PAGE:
Utah Chemistry Teacher Is 'No Longer Employed' After Viral Video Of Anti-Trump, Pro-Vaccine Speech In Classroom

Photo: YouTube
Utah High School Teacher Vaccine Rant Video

A chemistry teacher at Lehi High School in Utah is no longer employed in her school after a student-filmed video of her circulated online.

In the video, the chemistry teacher is vocalizing her anti-Trump political beliefs, in addition to encouraging her students to get vaccinated — albeit it somewhat vigorously.

Video of Utah high school teacher’s anti-Trump, pro-Vaccine speech goes viral.

The video was taken by a student and was reported shared online by conservativea who led anti-mask mandates and vaccines throughout Utah.

"I don’t have to be happy about the fact that there’s kids coming in here with their variants that could possibly get me or my family sick,” she said in the video. “That’s rude, and I’m not going to pretend like it’s not."

In the video, it seems as though a student or a few are responding to the teacher, but it's difficult to decipher exactly what is being said. 

At one point, the teacher says Trump "sucks" and says she "hates" him. Shortly after a student can be heard saying, "This is a chemistry class."

RELATED: Florida Gov. Ron DeSantis Threatens To Withhold School Leaders' Salaries If They Require Masks

The teacher is no longer employed at Lehi High School. 

Once the video went viral, the teacher was placed on administrative leave.

Alpine School District officials later confirmed that she is no longer employed — it still remains unknown if her employment was terminated or if she resigned.

The Alpine School District did not approve of the teacher's approach to her speech.

“This behavior is inappropriate, not reflective of the professional conduct and decorum we expect of our teachers, and will not be tolerated,” the statement said.

Only one Utah district has issued mask mandates in schools.

On Tuesday, the Grand County School District Commissioners voted in favor of a mask mandate that requires 30 days of masks for ages K—6.

This could possibly be why the teacher is not wearing a mask in the video and may explain some of her fears around the virus spreading in schools.

However, there may have been a calmer approach to the speech that could have been more appropriate for her students. 

Utah's COVID-19 case count is starting to surge.

As of August 17, 2021 approximately 46.2% of Utah’s population is fully vaccinated.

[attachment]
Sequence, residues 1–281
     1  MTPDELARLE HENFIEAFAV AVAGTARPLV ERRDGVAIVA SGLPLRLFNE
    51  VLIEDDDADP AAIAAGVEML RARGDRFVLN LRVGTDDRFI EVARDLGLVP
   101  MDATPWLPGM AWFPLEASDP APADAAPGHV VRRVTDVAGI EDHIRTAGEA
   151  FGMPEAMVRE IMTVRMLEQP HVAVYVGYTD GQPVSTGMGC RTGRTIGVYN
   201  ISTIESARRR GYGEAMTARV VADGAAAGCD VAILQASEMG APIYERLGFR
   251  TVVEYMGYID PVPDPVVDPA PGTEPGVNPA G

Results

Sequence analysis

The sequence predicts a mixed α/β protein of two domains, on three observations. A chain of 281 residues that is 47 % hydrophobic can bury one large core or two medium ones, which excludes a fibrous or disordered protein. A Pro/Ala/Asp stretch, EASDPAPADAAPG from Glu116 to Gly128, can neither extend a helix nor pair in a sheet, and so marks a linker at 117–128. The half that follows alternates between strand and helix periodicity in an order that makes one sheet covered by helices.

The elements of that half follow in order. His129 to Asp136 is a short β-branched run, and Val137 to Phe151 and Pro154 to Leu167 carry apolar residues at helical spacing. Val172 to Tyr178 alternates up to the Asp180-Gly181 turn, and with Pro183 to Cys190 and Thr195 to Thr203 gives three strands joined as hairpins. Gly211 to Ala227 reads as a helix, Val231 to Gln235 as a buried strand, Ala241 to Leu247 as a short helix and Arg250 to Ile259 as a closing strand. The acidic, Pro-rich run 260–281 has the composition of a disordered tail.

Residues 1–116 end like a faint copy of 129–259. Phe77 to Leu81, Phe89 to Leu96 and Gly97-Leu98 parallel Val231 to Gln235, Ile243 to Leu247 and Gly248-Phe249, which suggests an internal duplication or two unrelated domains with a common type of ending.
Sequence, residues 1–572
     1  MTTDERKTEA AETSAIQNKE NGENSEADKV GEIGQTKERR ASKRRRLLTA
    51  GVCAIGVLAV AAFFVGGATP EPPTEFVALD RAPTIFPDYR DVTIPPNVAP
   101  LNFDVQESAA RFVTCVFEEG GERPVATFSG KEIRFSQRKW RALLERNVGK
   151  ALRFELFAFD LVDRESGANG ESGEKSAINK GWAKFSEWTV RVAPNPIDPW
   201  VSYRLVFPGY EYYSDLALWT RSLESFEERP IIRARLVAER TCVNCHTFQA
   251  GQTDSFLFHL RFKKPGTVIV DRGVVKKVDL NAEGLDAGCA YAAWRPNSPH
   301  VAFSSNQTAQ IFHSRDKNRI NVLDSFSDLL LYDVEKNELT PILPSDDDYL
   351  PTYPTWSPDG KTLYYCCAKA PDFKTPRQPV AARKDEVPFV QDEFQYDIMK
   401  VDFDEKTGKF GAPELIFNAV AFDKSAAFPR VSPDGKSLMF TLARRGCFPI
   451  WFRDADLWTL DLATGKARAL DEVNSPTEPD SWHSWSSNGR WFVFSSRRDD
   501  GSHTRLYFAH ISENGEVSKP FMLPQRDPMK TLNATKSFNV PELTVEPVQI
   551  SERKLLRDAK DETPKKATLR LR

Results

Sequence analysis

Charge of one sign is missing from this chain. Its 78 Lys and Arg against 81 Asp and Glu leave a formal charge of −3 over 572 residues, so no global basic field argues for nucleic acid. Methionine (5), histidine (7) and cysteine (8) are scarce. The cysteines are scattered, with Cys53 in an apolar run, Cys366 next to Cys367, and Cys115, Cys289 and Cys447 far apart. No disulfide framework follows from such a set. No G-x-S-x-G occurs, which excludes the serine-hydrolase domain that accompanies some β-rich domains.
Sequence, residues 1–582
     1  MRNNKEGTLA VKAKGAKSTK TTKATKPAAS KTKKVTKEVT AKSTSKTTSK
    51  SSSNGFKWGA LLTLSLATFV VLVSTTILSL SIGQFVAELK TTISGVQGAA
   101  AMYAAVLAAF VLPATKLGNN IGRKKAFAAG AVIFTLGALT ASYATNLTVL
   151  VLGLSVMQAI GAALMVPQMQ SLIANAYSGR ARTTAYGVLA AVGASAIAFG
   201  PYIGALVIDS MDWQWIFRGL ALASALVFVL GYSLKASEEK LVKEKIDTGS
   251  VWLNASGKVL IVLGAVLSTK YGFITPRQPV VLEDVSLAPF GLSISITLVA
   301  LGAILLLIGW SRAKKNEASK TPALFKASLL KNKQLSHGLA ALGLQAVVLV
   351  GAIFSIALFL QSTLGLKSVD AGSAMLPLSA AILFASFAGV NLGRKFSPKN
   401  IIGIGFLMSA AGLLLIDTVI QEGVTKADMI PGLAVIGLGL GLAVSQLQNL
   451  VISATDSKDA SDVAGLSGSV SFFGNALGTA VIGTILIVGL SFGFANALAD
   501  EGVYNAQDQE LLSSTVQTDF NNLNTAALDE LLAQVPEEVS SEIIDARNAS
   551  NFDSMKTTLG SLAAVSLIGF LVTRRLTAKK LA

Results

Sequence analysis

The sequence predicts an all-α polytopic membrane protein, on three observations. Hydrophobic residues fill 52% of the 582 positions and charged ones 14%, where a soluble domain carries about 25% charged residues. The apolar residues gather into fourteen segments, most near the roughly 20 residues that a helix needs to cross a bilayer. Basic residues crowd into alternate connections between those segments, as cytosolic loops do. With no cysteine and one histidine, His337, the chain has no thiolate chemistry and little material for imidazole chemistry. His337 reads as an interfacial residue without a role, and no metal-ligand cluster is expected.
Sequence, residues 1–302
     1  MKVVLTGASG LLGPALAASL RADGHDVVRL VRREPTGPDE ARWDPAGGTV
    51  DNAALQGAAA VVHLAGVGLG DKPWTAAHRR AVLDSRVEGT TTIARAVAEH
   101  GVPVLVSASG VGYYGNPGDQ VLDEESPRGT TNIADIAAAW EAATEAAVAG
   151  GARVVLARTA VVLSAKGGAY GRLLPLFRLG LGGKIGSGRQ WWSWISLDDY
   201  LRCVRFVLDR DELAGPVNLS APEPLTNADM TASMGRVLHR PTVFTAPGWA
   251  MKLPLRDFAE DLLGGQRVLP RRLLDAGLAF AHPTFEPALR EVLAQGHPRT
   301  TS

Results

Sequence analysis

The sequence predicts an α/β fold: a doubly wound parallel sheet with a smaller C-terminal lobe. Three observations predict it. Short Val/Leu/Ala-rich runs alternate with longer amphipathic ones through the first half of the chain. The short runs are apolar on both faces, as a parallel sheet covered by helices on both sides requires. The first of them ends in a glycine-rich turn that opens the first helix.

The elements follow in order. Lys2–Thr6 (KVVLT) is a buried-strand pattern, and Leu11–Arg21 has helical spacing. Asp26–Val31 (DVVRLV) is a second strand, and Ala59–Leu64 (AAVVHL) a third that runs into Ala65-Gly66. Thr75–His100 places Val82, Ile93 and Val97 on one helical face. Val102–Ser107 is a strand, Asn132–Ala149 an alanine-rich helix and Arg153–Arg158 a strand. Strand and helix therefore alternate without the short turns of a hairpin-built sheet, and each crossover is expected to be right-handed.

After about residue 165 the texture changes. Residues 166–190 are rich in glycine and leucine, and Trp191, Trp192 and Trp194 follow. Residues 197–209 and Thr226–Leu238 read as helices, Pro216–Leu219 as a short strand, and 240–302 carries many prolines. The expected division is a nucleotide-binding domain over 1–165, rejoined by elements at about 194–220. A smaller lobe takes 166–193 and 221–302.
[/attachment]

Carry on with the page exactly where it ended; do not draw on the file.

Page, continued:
Utah cases are starting to climb. Currently, the Beehive State is at a seven-day average of 1,170 cases.

RELATED: 700 Kids Quarantined Just One Week After School Starts — Now Arkansas Governor Regrets Mask Mandate Ban

The teacher's speech may not be the best remedy for COVID-19 vaccine hesitancy.

If someone you know or love is hesitant to get the COVID-19 vaccine, shame — or lecturing a room of high school students — might not be the best route

While it’s understandable to be frustrated, it’s crucial to keep calm and listen to what your said loved one has to say.

“There’s a lot of misinformation floating around about the vaccines,” Margaret Day, a family medicine doctor at the University of Missouri Health Care, said. “I try to steer people to legitimate sources and away from information they may read on social media.”

It’s also crucial to not spread the misinformation yourself, and regularly check trusted sources for new information regarding COVID-19.

Even the most well-intentioned people are capable of spreading misinformation, so make sure you practice what you preach.

Subscribe to our newsletter.

Join now for YourTango's trending articles, top expert advice and personal horoscopes delivered straight to your inbox each morning.

“It could end in five seconds if people would get vaccinated,” the chemistry teacher said, incorrectly, in the video — the “it” referring to the pandemic.

Perhaps, she was trying to express that the COVID-19 vaccine is effective and life-saving, but there’s no evidence backing up the “five-second” time frame.

Exaggerating the truth to speak with conviction is not an efficient strategy.

Shaming and yelling are not strong methods of communicating vaccine efficacy.

The Centers for Disease Control and Prevention created a list of ways to talk to friends and family members about the COVID-19 vaccine.

Asking open-ended questions, listening with sympathy, and asking permission to share information is advised by the CDC.

The world is in a state of distress. Governors across U.S. conservative states are initiating bans on mask and vaccine mandates.

Teachers shouldn’t be so terrified of going to school that they feel that they must take matters in their own hands regarding COVID-19.

People want to protect themselves and their loved ones. Everyone is starting to feel helpless, so feelings of fear and frustration are interfering with people’s jobs.

RELATED: Florida Parents Outraged As Gov DeSantis Bans Mask Mandates In Schools & Cuts Funding For Any District Defying His Order

Izzy Casey is a writer who covers pop culture, news, and entertainment.